Bulgaria Blames Brussels for Latest DTT Woes
Bulgaria’s authorities claim that Brussels is to blame for failing to switch off analogue broadcasting of television signals by the September 1 deadline.
“The analogue broadcasting of television signals will not stop right on September 1, because European officials in Brussels failed to approve on time the program to provide free DTT receivers to socially disadvantaged people,” Maria Stoyanova, member of the media watchdog CEM, commented on Tuesday.
"The idea of helping the poor with vouchers for DTT receivers was initially considered by Brussels as quite controversial, because such an approach has not been applied in other European countries," said Stoyanova.
Bulgaria will not switch off analogue broadcasting of television signals by the September 1 deadline, the Ministry of Transport, Information Technology and Communications (MTITC) announced last week.
“The delay in the switch-off however does not mean a delay in the country’s transition to digital broadcasting,” Minister Georgi Todorov commented last Wednesday.
"Our main goal is to make sure that all underprivileged people receive free DTT receivers before we shut down the analogue signal,” Todorov said.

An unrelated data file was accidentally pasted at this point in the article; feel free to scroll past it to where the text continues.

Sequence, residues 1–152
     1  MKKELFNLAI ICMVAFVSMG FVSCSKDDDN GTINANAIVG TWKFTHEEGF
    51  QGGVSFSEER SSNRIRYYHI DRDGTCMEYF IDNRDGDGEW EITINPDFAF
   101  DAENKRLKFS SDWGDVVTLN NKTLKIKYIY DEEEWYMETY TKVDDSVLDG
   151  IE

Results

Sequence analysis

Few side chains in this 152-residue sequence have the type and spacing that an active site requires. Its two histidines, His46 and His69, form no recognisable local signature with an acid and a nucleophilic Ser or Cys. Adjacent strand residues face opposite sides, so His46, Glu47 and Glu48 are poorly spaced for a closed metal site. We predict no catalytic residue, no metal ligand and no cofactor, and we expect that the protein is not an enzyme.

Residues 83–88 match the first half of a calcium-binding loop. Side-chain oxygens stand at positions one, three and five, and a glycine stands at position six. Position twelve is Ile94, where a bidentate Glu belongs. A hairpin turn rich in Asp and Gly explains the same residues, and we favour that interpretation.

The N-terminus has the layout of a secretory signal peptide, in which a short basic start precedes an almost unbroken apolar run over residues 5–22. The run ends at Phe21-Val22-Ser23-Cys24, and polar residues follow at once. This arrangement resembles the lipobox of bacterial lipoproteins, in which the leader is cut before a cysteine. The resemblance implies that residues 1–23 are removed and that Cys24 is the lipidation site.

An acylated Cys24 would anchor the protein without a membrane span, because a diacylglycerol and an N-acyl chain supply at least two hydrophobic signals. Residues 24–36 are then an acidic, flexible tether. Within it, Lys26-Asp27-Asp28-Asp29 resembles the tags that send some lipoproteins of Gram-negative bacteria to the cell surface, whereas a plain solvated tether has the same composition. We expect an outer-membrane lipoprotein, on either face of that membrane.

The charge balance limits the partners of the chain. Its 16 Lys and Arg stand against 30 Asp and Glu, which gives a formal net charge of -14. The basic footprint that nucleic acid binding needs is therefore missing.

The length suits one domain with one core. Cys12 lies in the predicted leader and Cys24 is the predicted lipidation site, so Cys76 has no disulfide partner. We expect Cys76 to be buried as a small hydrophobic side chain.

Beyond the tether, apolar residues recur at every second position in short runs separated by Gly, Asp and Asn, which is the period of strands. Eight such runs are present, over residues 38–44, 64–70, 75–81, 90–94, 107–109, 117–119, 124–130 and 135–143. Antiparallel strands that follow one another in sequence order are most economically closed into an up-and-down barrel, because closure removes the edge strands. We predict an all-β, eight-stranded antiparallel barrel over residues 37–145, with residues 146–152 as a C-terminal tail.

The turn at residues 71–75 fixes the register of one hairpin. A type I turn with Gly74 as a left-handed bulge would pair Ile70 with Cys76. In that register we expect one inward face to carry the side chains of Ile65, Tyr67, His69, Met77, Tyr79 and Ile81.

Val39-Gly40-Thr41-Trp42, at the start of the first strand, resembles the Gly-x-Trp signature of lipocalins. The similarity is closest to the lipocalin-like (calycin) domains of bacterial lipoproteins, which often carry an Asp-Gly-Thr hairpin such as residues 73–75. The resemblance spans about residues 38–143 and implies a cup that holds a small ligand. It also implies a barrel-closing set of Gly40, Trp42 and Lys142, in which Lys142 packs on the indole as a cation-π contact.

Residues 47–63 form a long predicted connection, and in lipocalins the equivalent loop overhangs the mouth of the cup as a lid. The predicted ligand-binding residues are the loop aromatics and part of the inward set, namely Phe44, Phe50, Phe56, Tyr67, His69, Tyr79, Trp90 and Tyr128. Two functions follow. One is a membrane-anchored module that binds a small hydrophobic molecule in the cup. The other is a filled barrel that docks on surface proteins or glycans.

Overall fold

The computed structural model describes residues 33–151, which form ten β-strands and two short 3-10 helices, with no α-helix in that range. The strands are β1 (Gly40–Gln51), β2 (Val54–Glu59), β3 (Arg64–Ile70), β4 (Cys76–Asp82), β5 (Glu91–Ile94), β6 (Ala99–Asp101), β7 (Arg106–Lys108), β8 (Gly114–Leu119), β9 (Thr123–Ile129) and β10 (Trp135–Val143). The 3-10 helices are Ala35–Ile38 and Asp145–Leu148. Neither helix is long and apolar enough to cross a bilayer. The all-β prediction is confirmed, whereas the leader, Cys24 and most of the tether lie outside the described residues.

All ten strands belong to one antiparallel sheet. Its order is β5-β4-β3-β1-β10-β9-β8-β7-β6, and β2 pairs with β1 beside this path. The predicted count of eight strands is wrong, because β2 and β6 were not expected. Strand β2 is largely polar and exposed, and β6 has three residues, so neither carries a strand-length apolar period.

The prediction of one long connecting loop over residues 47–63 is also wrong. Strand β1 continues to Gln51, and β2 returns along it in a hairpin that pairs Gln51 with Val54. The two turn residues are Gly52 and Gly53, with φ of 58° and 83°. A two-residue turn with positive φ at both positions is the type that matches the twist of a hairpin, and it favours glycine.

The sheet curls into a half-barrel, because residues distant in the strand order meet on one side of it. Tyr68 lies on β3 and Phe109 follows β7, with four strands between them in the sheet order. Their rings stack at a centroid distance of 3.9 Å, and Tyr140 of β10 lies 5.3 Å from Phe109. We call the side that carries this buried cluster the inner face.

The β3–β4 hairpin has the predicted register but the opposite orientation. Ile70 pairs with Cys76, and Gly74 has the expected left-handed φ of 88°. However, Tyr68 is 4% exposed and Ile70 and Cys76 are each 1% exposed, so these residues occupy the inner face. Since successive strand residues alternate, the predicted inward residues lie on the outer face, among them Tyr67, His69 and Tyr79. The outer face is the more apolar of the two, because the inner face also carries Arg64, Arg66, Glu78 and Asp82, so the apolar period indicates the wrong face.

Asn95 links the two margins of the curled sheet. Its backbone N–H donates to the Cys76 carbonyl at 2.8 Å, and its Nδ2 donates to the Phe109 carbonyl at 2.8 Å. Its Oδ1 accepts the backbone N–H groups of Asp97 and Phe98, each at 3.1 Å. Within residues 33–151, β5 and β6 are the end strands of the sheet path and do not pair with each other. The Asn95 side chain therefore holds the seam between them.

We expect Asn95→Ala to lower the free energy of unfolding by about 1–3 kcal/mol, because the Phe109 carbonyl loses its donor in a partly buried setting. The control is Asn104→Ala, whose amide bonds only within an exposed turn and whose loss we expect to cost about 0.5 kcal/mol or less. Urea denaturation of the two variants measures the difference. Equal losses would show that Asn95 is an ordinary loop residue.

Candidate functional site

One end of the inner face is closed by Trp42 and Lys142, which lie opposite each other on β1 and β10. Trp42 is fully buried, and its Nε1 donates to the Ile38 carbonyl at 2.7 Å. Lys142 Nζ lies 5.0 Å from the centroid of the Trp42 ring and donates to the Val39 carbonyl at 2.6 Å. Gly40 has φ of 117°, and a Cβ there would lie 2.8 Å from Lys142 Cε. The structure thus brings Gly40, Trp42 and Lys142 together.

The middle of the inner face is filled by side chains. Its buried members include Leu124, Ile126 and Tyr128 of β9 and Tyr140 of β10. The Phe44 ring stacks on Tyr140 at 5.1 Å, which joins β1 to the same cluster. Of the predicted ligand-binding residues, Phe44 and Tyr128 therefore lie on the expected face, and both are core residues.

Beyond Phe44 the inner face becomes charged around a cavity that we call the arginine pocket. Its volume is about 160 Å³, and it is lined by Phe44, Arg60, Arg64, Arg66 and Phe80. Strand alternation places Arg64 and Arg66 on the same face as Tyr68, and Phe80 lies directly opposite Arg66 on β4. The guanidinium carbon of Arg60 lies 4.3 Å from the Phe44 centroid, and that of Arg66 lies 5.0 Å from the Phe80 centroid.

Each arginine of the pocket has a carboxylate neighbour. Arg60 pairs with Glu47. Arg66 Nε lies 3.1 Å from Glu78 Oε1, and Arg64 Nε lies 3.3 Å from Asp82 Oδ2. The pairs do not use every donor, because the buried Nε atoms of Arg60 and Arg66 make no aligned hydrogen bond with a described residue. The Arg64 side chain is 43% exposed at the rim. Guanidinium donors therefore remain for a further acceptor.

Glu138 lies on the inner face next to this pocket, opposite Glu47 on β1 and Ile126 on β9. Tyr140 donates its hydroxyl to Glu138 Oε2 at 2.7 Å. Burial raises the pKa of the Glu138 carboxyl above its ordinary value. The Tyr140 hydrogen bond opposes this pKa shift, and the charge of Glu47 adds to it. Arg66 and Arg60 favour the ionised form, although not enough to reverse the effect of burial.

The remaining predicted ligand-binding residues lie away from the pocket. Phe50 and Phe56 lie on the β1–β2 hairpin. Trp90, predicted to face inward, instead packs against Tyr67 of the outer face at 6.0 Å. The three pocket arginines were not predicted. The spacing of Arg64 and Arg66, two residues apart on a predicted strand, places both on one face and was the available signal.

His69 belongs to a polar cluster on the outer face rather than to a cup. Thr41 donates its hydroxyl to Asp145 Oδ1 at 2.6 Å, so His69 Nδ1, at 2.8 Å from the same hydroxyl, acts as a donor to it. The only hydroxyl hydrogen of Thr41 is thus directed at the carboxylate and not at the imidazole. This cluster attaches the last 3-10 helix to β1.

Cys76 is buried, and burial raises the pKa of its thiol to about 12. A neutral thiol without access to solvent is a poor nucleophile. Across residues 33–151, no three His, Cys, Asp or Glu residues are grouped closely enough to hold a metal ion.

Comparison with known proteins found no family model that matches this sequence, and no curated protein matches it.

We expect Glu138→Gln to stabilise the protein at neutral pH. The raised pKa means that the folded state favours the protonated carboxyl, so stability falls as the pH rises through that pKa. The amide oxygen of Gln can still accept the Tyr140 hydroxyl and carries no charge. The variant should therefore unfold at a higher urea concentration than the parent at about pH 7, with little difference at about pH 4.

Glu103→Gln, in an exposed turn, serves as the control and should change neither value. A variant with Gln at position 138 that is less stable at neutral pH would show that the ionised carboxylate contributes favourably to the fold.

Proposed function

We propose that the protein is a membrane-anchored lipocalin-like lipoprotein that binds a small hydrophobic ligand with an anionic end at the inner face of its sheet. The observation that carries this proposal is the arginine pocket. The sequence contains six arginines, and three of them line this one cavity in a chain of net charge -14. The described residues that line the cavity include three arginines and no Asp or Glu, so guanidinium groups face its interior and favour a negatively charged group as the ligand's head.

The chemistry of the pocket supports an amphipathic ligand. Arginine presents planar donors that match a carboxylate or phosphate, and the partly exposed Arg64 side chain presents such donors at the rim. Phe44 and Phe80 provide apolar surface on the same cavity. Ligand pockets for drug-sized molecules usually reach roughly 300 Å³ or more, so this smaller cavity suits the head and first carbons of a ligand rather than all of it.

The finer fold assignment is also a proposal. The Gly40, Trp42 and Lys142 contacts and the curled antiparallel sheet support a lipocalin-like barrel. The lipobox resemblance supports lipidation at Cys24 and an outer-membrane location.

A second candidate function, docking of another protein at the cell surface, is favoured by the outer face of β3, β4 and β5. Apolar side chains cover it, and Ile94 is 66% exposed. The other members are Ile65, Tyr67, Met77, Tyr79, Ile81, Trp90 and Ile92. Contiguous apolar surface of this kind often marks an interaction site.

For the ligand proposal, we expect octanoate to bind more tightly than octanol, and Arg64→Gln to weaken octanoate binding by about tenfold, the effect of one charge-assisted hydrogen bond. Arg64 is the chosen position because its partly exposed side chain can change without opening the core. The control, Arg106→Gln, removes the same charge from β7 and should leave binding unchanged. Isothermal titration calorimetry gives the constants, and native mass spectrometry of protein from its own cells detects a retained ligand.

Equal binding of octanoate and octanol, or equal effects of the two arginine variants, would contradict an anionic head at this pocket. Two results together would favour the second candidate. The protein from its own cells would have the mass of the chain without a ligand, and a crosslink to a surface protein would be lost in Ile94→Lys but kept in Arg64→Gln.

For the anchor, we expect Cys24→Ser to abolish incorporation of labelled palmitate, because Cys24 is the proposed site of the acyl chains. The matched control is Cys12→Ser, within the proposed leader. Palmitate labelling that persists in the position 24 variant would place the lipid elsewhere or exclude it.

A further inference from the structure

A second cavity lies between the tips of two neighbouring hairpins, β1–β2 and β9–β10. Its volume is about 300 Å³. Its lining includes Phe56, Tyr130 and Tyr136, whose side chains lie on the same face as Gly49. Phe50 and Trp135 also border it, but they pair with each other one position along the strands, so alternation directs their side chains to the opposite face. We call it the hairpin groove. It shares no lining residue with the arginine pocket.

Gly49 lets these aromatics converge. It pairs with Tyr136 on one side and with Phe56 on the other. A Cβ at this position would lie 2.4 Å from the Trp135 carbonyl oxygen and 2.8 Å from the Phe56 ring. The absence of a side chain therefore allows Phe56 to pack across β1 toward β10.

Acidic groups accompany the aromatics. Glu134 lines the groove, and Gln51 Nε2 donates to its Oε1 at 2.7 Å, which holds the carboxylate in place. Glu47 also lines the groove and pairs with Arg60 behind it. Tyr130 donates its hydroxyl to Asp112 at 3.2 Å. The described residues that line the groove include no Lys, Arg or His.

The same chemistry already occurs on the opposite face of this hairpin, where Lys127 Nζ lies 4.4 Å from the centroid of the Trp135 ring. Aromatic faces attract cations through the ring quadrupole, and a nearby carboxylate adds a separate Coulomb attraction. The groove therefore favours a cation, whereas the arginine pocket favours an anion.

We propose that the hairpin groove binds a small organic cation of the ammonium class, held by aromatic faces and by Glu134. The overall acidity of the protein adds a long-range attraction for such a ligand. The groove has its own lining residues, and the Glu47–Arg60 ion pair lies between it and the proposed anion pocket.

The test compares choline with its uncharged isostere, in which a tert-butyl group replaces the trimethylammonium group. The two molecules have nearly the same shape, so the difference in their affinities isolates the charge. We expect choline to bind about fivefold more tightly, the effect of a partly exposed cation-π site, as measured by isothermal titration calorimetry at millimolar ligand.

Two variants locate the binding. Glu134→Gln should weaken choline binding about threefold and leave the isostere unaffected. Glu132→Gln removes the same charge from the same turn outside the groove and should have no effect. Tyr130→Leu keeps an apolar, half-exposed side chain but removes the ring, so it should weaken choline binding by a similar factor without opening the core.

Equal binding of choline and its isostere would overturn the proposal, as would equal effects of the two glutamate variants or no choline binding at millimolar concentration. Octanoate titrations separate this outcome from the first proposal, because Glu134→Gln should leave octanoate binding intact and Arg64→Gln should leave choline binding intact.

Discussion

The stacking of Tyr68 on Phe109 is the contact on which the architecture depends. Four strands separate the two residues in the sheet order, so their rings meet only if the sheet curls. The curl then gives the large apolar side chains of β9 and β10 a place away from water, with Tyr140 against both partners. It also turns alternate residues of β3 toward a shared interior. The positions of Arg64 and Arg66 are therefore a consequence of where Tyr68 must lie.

In May this year Bulgaria's telecom watchdog awarded the license for what will be the country's public service DTT multiplex to Bulsatkom company.
Bulgaria decided at the end of December 2011 to hold a tender for yet another multiplex, its seventh, a surprising last-minute decision, which local experts slammed as a mere eye- wash for Brussels, which referred the country to EU court over the assignment of digital broadcast spectrum.
The European Commission demanded that Bulgaria publish the conditions of the tender as soon as possible, so that potential new entrants can prepare their applications, be selected and enter the market before the date set for the analogue switch off, September 1 2013.
The Commission said it will monitor that the tender conditions are in line with the Directives and allow effective entry into the digital terrestrial broadcasting infrastructure market.
The seventh multiplex will be just a collection of frequencies and its holder - in a much more disadvantaged position than Hannu Pro and Towercom, which have already grabbed the lion's share of the market, according to experts.
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